The last few months since the start of the global pandemic has been a horror story for businesses of just about every industry and size.
Economists polled by Refinitiv expect the U.S. economy shed 21.85 million jobs in April, by far the largest number on record. The US government’s monthly jobs data dates back to 1939.
On March 20th, Goldman Sachs spooked the world, by predicting a 24% decline in GDP in the second quarter.
Those are some of the real numbers. No other event save the Great Depression has hit our economy harder than COVID-19.
Due to the need for social distancing, most all of you have had to make a major shift in how you do business. That means your employees are likely working from home, or social distancing has changed how you deliver, or what your clients now want, or need… which has brought its own business challenges. And despite all this, you’re hanging in there.
But that’s a minor problem when you consider that some businesses shuttered their doors.
Right now, our three major industries, Healthcare, Finance and Information Technology (IT) are seeing major downturns:
- In healthcare, consumer spending plummeted at an annualized rate of 18% in the first three months of 2020, helping drive an annualized 4.8% drop in first-quarter GDP, the worst performance since the Great Recession. The field also shed 43,000 positions in March, with big declines coming at dentists’ and physicians’ offices. Health systems are projected to sustain more than $202 billion in losses between March 1 and June 30, according to a report released Tuesday by the American Hospital Association.
- In finance, credit and debit card spending at restaurants and on travel and entertainment have both declined well over 50.0% in March as a result of shutdowns and travel restrictions. Equity underwriting meaningfully declined in March as businesses delayed their plans of initial public offerings until market conditions stabilized.
- In IT, a Glassdoor report said that tech industry job openings posted on Glassdoor dropped 20.2 percent between March 9 and April 6. More specifically, Glassdoor’s monthly Job Market Report, said job openings in “information technology” dropped from 173,952 on March 9 to 152,018 on April 6 while “computer software and hardware” job postings dropped from 175,983 to 128,064 during that timeframe.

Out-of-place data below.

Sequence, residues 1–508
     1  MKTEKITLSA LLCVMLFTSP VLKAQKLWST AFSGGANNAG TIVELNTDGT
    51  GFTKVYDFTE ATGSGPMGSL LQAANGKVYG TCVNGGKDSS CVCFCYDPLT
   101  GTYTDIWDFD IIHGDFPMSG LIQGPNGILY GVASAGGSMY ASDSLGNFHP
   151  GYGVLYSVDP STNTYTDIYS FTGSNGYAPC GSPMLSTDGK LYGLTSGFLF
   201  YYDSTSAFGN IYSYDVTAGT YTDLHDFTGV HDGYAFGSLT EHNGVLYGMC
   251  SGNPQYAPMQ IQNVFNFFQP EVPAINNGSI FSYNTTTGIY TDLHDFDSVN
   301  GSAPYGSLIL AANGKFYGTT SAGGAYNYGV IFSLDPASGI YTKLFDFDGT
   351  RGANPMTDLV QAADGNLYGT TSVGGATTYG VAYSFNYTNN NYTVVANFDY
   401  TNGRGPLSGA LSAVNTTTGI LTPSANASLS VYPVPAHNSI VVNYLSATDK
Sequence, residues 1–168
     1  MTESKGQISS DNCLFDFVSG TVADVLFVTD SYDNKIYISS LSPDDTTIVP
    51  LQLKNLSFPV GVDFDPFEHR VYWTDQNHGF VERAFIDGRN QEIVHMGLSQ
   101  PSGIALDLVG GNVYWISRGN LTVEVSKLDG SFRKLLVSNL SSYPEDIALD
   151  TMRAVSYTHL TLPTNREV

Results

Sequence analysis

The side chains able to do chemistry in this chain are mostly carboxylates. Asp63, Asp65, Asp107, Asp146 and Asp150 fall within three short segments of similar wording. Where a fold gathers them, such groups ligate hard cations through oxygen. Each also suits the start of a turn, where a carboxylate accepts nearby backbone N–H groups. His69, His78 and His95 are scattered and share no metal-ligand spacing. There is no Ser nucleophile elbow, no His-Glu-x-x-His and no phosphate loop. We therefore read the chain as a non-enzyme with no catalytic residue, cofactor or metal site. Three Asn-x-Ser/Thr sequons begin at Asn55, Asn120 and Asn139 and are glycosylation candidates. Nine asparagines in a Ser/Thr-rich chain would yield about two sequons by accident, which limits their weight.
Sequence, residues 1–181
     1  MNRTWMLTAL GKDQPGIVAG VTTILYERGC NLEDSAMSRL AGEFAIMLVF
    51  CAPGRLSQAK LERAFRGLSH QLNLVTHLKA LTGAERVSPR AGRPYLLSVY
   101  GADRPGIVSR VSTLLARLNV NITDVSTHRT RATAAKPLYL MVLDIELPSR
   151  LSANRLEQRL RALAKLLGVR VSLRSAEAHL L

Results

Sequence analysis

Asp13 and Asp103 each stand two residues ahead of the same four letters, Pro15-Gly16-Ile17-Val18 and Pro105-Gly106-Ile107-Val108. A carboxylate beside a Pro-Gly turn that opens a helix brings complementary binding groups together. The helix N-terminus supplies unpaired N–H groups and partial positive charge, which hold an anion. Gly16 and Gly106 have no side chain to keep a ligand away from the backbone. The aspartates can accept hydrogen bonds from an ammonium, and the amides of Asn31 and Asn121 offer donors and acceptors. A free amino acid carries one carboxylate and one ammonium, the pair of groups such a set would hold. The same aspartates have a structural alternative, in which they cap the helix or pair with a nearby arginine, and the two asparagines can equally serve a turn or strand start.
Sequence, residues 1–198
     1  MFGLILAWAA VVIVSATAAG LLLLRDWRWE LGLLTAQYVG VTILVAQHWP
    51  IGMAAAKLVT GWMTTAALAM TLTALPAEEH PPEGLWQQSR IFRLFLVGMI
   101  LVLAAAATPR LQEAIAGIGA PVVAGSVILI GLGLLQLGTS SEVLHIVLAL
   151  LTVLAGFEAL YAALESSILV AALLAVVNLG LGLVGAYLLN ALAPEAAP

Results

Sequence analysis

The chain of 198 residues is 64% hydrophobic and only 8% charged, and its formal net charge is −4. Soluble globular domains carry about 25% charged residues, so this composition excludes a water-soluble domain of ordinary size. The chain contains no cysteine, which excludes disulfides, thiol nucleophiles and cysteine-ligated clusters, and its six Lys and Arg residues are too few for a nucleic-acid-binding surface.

With no clear end to this crisis in sight, we need to take a long, hard look at how we’ve been doing business and admit that the old days are over.
Sure, you might have planned for the expected disasters, such as hurricanes, earthquakes, server meltdowns, etc. But let’s face it: none of us planned for a pandemic that would force wholesale changes to society.
But now here we are, and the decisions you make today can either secure your company’s future or spell disaster.
I realize that by now your head is probably spinning. But if you’re thinking that you can stay the course and your customers will come along for the ride, I urge you to rethink that.
- Consumers have changed their spending habits—do you even know if your product or service is still relevant to your customers?
- What services are they wanting, and what new solutions can you provide for these different needs?
- What is the message that will resonate and bring them back?
You can’t afford to depend solely on the past for answers to these questions. You need real, up-to-date data to take the place of guesswork, so you aren’t flying blind.
And companies are looking for help. How you find out what your clients need? Your prospects? Your market?
Those answers come from doing the market research to rediscover your audience—find out what people are thinking about your industry, products, and your company.
Armed with this market intelligence, you can be well on your way toward turning this horror story into a serious advantage for you.
In fact, read my article on to find out how NOT doing the market research put a particular soft drink and snack food maker into a sticky situation with literally half the world’s population. Then, learn how a certain fast food chain actually broke their own sales records through a twist on timing.